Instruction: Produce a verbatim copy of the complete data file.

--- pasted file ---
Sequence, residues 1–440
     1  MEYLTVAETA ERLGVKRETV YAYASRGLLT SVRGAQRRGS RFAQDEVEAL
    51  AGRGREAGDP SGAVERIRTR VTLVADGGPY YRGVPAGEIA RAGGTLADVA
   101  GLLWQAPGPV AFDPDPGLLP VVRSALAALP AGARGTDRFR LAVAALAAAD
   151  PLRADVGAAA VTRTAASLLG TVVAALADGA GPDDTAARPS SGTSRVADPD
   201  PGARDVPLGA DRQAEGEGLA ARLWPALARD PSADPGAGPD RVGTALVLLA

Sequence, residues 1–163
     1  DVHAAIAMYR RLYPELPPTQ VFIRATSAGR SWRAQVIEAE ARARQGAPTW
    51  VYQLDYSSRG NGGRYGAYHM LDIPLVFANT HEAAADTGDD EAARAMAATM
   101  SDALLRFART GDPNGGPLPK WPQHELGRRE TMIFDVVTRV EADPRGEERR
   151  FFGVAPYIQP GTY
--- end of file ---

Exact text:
Sequence, residues 1–440
     1  MEYLTVAETA ERLGVKRETV YAYASRGLLT SVRGAQRRGS RFAQDEVEAL
    51  AGRGREAGDP SGAVERIRTR VTLVADGGPY YRGVPAGEIA RAGGTLADVA
   101  GLLWQAPGPV AFDPDPGLLP VVRSALAALP AGARGTDRFR LAVAALAAAD
   151  PLRADVGAAA VTRTAASLLG TVVAALADGA GPDDTAARPS SGTSRVADPD
   201  PGARDVPLGA DRQAEGEGLA ARLWPALARD PSADPGAGPD RVGTALVLLA

Sequence, residues 1–163
     1  DVHAAIAMYR RLYPELPPTQ VFIRATSAGR SWRAQVIEAE ARARQGAPTW
    51  VYQLDYSSRG NGGRYGAYHM LDIPLVFANT HEAAADTGDD EAARAMAATM
   101  SDALLRFART GDPNGGPLPK WPQHELGRRE TMIFDVVTRV EADPRGEERR
   151  FFGVAPYIQP GTY